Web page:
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Henriksen K, Battles JB, Marks ES, et al., editors. Advances in Patient Safety: From Research to Implementation (Volume 2: Concepts and Methodology). Rockville (MD): Agency for Healthcare Research and Quality (US); 2005 Feb.

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Advances in Patient Safety: From Research to Implementation (Volume 2: Concepts and Methodology).

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A Conceptual Model for Disclosure of Medical Errors

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Author Information

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Division of General Internal Medicine and Health Services Research (SF, NW) and the Department of Pathology (LH), David Geffen School of Medicine at the University of California at Los Angeles. UCLA Healthcare Center for Patient Safety (LH) and Ethics Center (NW). Department of Community Health Sciences, UCLA School of Public Health (MKS). Department of Medicine, University of California at Irvine (ES). Department of Medicine, University of California at Davis (CK). Department of Medicine, University of California at San Diego (GS). Ottawa Health Research Institute, University of Ottawa (KS)
*Address correspondence to: Stephanie Fein, MD; Division of General Internal Medicine and Health Services Research, David Geffen School of Medicine at UCLA, 911 Broxton Plaza, Los Angeles, CA 90095-1736. Phone: 310-794-2278; fax: 310-794-0766; e-mail: ude.alcu.tendem@niefs.

Abstract

Objective: Patient safety is fundamental to high-quality patient care. Critical steps toward improving the safety of the health care system include ensuring that the system is aware of its errors so that effective remedies can be applied, and enhancing the trustworthiness of the health care system for patients by disclosing errors that are meaningful to them. This study aimed to construct a conceptual model of the factors that facilitate or hinder disclosure of medical errors. Methods: We conducted 25 separate focus groups with attending physicians, nurses, residents, patients, and hospital administrators at 5 academic medical centers in a university health care system. The protocol probed the ethical perceptions of participants and the details of disclosure expectations. Audiotapes of the focus groups were transcribed and analyzed using Atlas.ti software. Codes were assigned to the text in an iterative fashion. Themes were identified and assembled into a model of disclosure. Results: All groups believed that errors should be disclosed. Important influences on whether disclosure would occur fell into four categories: provider factors, patient factors, error factors, and institutional culture. Provider issues included perceived professional responsibility, fears, and training. Patient factors included their desire for information, level of health care sophistication, and rapport with their provider. Error factors included level of harm and whether patients and others were aware of the error and the harm. Perceived tolerance for error and a supportive infrastructure were institutional factors that influenced disclosure. Conclusion: This grounded model of error disclosure delineates areas for interventions to increase disclosure as a step toward improving patient safety.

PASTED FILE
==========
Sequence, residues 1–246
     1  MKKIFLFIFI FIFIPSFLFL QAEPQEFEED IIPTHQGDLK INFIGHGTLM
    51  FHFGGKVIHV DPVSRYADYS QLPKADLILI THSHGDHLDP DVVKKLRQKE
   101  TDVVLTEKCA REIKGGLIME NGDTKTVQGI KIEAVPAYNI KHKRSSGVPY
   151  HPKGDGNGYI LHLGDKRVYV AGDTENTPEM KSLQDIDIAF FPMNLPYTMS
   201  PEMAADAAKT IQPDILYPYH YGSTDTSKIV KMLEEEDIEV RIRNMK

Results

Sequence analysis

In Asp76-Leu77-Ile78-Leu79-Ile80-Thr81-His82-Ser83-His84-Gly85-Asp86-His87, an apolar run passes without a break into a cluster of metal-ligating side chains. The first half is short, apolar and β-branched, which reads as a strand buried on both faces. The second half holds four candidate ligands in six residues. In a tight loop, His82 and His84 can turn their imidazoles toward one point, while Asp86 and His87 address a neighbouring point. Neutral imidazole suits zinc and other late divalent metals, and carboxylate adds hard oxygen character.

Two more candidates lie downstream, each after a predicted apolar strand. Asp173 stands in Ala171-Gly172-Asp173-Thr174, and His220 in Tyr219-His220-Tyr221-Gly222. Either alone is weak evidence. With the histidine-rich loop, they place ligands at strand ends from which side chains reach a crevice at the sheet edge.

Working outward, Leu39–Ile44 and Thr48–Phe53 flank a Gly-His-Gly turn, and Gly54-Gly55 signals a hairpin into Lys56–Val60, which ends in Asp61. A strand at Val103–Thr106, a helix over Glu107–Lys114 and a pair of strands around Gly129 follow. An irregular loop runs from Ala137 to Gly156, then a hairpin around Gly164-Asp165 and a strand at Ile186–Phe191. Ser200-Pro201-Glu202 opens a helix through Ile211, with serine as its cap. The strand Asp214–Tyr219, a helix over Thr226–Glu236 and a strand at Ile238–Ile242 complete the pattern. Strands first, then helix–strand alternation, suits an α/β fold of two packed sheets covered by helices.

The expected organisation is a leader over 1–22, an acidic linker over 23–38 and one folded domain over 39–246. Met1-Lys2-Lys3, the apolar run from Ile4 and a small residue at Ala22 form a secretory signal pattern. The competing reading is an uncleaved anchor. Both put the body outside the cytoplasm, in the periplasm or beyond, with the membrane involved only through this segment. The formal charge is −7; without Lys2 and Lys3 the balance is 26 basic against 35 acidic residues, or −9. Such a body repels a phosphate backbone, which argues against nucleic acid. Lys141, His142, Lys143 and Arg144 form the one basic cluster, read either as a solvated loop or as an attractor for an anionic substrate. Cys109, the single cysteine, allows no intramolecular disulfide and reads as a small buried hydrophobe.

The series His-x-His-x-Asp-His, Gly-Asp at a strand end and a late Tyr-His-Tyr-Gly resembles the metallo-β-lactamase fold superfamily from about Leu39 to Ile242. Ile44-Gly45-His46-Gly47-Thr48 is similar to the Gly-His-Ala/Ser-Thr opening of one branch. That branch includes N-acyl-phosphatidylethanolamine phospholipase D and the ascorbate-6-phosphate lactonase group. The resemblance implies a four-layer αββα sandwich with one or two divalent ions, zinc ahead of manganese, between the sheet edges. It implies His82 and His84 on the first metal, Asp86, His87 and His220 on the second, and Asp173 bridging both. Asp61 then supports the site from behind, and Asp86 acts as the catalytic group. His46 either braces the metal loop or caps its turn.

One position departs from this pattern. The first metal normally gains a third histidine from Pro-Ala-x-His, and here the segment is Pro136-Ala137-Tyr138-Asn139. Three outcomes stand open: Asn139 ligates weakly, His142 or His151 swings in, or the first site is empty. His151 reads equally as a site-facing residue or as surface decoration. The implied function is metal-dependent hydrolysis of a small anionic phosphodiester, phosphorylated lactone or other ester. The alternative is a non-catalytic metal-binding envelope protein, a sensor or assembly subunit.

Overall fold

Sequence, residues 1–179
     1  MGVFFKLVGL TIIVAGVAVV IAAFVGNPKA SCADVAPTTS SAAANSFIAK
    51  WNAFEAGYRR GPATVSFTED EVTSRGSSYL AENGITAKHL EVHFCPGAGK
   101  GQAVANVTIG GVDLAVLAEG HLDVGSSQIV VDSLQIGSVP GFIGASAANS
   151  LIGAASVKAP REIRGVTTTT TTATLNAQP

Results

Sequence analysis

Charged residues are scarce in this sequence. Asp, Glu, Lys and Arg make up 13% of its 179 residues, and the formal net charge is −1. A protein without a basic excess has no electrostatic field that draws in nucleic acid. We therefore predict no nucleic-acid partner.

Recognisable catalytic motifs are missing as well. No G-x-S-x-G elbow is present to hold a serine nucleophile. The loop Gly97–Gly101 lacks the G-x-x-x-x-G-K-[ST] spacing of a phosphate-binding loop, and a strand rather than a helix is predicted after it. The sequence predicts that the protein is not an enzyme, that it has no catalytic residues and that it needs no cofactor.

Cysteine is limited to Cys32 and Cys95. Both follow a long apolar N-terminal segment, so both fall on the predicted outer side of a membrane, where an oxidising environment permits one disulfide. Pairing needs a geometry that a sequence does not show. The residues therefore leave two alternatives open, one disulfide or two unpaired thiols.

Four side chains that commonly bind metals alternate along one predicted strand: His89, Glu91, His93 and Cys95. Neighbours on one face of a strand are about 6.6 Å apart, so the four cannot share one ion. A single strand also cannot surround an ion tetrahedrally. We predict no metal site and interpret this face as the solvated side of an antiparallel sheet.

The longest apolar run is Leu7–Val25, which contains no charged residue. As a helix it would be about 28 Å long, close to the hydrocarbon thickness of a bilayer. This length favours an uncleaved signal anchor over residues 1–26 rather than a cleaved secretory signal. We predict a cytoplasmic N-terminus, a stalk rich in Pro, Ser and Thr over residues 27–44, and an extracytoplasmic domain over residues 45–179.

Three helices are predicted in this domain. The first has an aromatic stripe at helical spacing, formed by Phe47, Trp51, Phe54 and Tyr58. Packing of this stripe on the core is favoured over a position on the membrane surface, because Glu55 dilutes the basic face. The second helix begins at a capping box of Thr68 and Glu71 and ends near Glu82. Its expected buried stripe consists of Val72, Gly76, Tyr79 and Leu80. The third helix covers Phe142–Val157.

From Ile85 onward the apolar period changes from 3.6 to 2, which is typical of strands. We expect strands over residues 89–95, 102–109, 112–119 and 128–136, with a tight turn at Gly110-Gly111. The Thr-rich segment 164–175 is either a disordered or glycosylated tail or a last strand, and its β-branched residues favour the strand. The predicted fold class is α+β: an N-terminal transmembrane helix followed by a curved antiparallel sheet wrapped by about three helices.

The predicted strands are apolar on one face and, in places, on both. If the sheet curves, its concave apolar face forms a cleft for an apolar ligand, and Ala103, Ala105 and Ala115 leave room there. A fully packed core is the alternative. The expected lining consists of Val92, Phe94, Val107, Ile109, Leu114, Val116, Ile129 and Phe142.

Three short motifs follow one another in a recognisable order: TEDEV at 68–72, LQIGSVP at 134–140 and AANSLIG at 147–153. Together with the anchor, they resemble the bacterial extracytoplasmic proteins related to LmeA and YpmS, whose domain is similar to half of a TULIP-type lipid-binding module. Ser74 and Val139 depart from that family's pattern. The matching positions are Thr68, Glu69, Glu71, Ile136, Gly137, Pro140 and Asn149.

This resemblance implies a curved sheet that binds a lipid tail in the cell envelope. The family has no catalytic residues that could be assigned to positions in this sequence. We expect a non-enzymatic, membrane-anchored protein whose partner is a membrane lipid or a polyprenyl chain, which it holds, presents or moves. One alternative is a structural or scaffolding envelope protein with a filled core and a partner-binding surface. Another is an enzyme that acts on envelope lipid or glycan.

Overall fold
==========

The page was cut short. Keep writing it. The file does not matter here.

Introduction

Patient safety in American hospitals must be improved. 1 The Institute of Medicine report, To Err Is Human: Building a Safer Health System, released in 2000, brought the issue of medical mistakes to the attention of the American public and Government in a dramatic way. 2 The report focused attention on the large number of potentially preventable deaths in U.S. hospitals. Deaths due to medical errors in the United States were estimated to exceed the annual number of deaths due to breast cancer, motor vehicle accidents, or AIDS. Medical errors are estimated to cost the Nation $17 billion in direct health care, disability, and lost income. 3 Patient safety is fundamental to high-quality patient care. A critical step toward improving the safety of the health care system would be to ensure that the system is aware of its errors. Nondisclosure of medical mistakes obstructs quality assurance interventions integral to systematic improvement in health care.

A critical mechanism to enhance safety in other highly technical industries involves the identification and scrutiny of error with implementation of a corrective feedback loop. 4 The aviation industry, with its successful confidential reporting system, serves as one example. Theoretically, disclosure of medical mistakes would be facilitated if those involved in health care viewed disclosure of errors and near misses as the aviation industry does, namely, as vital to the overall improvement of the system. Disclosure in such an environment would be viewed as serving the higher purpose of improving patient safety, rather than merely exposing individual clinicians to blame and litigation.